18,000 Busy Bridges Are Structurally Deficient, New Study Says
Bridges built during the post-World War II boom years are facing an increasingly urgent need for repair. Some 210 million trips are taken every day on structurally deficient bridges in our biggest cities, according to a new report. There are so many of those creaky bridges that they even outnumber McDonald's locations, 18,000 to 14,000.
A spokesman at Transportation for America, the nonprofit advocacy group that mined federal statistics to write the report, said it should serve as a "wake-up call."
The problem, said spokesman David Goldberg, is that our transportation legislation "was geared to build the interstate highway system, and that has not done such a good job at ensuring maintenance is done."
Even after the I-35W bridge collapse in Minneapolis that killed 13 in 2007, states continue to divert some of the money meant for bridge repairs to building new highways instead.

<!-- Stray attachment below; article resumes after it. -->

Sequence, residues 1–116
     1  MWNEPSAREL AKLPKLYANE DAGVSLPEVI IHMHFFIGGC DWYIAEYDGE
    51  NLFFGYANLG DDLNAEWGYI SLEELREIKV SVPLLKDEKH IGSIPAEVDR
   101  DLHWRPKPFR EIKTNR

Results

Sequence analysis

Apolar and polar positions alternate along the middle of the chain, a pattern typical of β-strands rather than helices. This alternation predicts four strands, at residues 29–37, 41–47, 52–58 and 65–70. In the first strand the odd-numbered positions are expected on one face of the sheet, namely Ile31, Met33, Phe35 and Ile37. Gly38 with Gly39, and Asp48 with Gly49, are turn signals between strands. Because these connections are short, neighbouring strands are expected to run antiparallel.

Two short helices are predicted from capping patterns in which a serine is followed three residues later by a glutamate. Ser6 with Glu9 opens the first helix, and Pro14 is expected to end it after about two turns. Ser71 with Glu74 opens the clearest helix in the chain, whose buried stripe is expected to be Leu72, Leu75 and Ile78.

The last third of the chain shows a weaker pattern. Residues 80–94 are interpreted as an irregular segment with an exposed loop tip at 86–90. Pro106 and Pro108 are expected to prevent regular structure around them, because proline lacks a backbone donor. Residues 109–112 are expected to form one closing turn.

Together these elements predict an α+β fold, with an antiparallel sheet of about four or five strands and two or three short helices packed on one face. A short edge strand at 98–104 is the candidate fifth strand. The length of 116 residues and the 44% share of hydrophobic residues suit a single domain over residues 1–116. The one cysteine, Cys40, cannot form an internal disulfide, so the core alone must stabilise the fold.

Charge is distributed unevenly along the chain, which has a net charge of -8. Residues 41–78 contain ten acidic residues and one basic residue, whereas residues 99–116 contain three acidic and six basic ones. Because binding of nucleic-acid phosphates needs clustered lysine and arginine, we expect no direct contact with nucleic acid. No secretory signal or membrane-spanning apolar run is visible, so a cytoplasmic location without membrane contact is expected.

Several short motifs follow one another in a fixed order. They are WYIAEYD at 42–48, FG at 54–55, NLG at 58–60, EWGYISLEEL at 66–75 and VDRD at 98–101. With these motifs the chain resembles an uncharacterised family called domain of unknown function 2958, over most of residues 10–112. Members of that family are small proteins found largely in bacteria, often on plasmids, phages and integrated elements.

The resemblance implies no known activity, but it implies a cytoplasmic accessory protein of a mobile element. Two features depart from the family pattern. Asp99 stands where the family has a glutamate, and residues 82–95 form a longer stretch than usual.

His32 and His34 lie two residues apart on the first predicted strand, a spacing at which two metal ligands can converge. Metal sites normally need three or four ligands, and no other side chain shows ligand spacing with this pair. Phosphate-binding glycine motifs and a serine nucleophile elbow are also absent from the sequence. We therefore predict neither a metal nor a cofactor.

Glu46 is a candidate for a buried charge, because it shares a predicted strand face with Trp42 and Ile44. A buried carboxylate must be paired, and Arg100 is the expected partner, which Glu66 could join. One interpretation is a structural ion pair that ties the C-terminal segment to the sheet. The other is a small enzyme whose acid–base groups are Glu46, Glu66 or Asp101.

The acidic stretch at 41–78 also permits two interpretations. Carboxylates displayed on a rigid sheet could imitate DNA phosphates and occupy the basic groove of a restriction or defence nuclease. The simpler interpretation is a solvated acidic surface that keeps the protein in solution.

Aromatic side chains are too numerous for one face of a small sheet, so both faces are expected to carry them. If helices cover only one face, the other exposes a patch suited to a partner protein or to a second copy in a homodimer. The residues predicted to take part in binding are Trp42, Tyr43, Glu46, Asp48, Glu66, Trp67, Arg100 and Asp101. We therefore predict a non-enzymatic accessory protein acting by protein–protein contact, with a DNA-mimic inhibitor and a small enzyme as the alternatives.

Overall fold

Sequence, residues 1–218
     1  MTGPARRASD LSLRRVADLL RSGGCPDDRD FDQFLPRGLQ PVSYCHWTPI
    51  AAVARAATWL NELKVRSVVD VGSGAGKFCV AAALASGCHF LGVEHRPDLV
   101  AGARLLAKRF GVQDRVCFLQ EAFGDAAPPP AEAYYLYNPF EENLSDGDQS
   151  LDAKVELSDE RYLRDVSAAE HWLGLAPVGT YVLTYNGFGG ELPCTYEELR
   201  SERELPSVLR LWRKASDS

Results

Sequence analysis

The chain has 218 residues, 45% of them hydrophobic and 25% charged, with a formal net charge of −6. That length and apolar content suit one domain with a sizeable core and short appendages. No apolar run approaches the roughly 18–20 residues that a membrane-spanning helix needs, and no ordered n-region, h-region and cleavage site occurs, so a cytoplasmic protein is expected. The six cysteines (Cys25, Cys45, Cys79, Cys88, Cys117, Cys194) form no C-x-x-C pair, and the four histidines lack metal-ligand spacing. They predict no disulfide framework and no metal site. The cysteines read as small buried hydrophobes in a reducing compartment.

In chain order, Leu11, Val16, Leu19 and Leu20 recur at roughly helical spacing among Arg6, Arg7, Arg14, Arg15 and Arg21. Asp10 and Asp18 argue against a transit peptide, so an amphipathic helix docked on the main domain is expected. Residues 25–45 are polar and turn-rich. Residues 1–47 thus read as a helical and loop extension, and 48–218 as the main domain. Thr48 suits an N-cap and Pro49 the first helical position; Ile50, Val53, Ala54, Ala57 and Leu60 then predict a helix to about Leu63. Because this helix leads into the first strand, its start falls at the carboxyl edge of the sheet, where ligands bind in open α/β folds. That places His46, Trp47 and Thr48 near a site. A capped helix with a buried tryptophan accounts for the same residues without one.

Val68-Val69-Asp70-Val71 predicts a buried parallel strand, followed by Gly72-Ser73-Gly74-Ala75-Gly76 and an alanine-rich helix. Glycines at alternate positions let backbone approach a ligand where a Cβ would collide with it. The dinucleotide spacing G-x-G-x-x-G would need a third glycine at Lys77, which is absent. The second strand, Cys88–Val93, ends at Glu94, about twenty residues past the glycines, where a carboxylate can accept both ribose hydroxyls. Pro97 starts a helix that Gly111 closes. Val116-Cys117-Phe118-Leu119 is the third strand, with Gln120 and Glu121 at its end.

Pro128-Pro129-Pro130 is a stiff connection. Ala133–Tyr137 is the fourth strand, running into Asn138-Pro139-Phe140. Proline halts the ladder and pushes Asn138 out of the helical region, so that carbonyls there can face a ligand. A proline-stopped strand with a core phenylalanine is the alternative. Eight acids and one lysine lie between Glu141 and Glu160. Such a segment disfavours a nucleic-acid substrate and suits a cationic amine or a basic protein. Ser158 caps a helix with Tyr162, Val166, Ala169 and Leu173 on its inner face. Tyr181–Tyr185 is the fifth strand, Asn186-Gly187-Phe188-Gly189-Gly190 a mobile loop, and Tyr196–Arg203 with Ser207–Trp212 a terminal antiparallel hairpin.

"States should be held accountable for reducing the backlog on repair needs before they're given latitude to spend that money on something else," Goldberg said.
An opportunity for accountability, and for putting emphasis on fixing bridges already in existence instead of building new roads, may come with the re-authorization for the surface transportation bill that is currently pending in Congress. Legislators have until March to pass a new bill.
Just because 18,000 bridges in metro areas are "structurally deficient" doesn't mean they're on the verge of collapsing. But decaying bridges may in many cases cause state transportation agencies to step up inspections or even shut down bridges for repairs.
In September, Indiana officials shut down the Sherman Minton Bridge, a major commuter corridor in the Louisville, Ky., area, because of cracks in the structure built in 1962. Since then, 80,000 cars a day have had to find alternate routes to work and school.
Goldberg said stories like the Sherman Minton Bridge are a "cause for concern" because "we have to scramble and make ad hoc provisions to deal with emergency situations. At this stage in the evolution of our highway system, we can count on these crises emerging. So the next bill has to budget for that."
The study ranked Pittsburgh as the major city with the most structurally deficient bridges, some 1,133 of them. Every day in Los Angeles, some 34 million trips cross similarly lacking bridges. In and around New York City, another 17.5 million cars and trucks cross deficient bridges.